• Why your solution works.
  • How it’s different from your competitors.
  • The results you’ve driven for brands with similar challenges.

This stage assumes the user has their head around their challenge and is now actively researching solutions to help.

The bottom of the funnel brings in more emotion and third-party proof. This stage assumes the users have a shortlist of solutions in mind and are looking for reassurance, from case studies and testimonials, that yours is the one for them. This is also when you can start leaning on urgency, with limited sales windows or expiring promotions.

The most important thing to remember from all of this is that thoughtful nurturing is key to good lead gen. If you’re using bottom-funnel tactics for people who haven’t heard of you yet, you’re only wasting time and possibly turning users off from your brand.

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How to align the channel mix and the funnel stage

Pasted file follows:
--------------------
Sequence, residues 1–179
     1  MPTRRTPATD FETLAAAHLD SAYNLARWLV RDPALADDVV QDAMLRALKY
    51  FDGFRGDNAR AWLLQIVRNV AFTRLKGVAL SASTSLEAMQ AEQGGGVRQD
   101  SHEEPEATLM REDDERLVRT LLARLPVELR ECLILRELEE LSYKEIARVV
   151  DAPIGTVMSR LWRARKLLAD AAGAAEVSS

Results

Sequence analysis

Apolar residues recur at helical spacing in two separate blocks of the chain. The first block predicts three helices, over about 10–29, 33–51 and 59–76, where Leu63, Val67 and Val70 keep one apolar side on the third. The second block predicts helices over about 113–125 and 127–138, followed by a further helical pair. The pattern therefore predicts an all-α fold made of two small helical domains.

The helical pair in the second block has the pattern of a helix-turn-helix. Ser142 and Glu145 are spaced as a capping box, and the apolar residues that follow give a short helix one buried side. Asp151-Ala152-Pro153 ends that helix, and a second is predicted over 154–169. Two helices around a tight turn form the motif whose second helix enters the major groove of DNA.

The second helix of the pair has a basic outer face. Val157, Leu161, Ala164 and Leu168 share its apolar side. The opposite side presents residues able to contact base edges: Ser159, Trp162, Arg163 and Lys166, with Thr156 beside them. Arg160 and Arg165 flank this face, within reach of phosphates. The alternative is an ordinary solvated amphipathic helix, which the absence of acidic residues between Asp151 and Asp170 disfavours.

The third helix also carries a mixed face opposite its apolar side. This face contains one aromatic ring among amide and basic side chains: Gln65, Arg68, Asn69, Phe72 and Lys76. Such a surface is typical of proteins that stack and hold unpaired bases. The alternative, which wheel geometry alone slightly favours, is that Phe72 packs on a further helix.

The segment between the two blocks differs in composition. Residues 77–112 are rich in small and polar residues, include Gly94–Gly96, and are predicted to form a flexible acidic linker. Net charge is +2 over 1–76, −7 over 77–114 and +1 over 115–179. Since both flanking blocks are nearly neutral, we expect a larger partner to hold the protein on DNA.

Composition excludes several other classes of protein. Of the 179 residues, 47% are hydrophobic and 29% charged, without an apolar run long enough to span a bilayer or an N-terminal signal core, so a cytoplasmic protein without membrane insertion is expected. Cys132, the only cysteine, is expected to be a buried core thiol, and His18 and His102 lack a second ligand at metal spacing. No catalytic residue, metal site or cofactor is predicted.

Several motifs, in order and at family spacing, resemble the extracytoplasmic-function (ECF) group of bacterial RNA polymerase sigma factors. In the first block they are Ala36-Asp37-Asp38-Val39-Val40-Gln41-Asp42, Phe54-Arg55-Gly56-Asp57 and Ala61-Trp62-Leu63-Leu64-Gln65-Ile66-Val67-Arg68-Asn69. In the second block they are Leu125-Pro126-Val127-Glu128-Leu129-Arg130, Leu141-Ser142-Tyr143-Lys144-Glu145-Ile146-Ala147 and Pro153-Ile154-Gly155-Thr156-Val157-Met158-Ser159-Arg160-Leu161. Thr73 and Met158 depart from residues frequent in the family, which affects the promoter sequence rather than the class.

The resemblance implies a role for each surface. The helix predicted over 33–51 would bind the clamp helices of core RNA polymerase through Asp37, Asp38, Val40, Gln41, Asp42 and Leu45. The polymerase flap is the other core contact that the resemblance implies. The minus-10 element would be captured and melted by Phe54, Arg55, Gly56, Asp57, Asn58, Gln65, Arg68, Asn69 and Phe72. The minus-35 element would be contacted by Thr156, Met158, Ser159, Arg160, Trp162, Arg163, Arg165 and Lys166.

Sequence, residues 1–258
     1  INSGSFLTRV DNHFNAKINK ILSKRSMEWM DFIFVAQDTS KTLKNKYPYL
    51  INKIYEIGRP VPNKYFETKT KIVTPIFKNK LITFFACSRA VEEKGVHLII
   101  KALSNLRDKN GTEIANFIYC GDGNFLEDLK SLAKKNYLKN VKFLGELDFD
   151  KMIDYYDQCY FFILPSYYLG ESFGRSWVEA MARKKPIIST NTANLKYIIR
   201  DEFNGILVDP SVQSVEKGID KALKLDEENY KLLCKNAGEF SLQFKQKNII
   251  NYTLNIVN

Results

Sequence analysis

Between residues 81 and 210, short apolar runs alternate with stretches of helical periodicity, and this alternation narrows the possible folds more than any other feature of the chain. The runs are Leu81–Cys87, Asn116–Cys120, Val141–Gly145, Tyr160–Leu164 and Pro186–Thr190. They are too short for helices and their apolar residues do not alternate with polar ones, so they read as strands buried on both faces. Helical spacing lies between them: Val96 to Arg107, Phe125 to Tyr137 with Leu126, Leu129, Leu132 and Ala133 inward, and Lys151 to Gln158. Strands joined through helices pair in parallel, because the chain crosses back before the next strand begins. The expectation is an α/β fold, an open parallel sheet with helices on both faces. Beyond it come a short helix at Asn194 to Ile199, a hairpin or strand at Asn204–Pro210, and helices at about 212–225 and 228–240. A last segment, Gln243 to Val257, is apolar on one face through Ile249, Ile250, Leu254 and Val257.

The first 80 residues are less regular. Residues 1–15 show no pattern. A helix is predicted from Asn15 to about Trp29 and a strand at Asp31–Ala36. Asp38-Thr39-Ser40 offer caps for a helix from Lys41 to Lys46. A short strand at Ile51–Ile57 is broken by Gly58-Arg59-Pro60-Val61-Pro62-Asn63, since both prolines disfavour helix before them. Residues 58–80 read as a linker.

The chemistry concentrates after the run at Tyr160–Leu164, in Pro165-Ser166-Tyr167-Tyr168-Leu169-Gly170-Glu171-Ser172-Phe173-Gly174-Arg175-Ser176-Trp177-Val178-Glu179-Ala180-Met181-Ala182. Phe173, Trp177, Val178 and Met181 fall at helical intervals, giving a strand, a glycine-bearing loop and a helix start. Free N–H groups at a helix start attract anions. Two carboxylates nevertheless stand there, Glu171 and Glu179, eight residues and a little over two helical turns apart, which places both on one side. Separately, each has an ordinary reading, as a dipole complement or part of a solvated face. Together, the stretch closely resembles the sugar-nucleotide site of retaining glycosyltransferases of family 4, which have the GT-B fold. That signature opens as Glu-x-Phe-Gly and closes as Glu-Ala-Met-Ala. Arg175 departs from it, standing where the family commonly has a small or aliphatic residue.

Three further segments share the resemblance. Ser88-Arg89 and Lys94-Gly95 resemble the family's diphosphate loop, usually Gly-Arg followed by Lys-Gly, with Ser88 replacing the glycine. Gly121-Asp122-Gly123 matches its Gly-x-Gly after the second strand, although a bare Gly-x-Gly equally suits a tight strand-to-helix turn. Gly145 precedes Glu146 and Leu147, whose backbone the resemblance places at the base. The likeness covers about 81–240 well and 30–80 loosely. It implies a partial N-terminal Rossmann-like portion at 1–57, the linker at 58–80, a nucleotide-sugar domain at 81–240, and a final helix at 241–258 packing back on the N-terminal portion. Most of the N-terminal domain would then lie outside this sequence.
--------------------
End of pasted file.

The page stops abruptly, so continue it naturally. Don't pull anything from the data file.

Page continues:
Top-of-funnel channels

Starting with awareness/top-of-funnel targeting should mean starting on LinkedIn (and, for some brands with access to the right audiences, possibly on Facebook). 

My first option is always to start with LinkedIn prospecting because:

  • Costs are cheaper for top-of-funnel engagement than they are for lead generation or conversion.
  • LinkedIn’s company-based targeting means you can go fairly broad and still stay within your ICP. 

LinkedIn is a great place for educating users and positioning your brand as a thought leader; people go to LinkedIn to consume content, perhaps in the form of thought leader ads, and are open to high-quality, informative engagements.

I approach Facebook prospecting with caution, but it can be worth testing depending on the audience. 

Middle-of-funnel and retargeting channels

Once someone has engaged with your brand and content, you should have started to narrow your audience.

Whether you’re retargeting content engagers or focused on accounts that have engaged with sales in some way or piped-in audiences from tools like Clearbit or 6Sense, I recommend choosing the following combinations of ad types and channels:

  • LinkedIn sponsored content and conversation ads.
  • Facebook and Instagram in-feed ads or video ads, with messaging that aligns with your audience and funnel stage.

Given my thoughts on Facebook prospecting, you might be surprised at my preference here. But you’ve already defined the audience.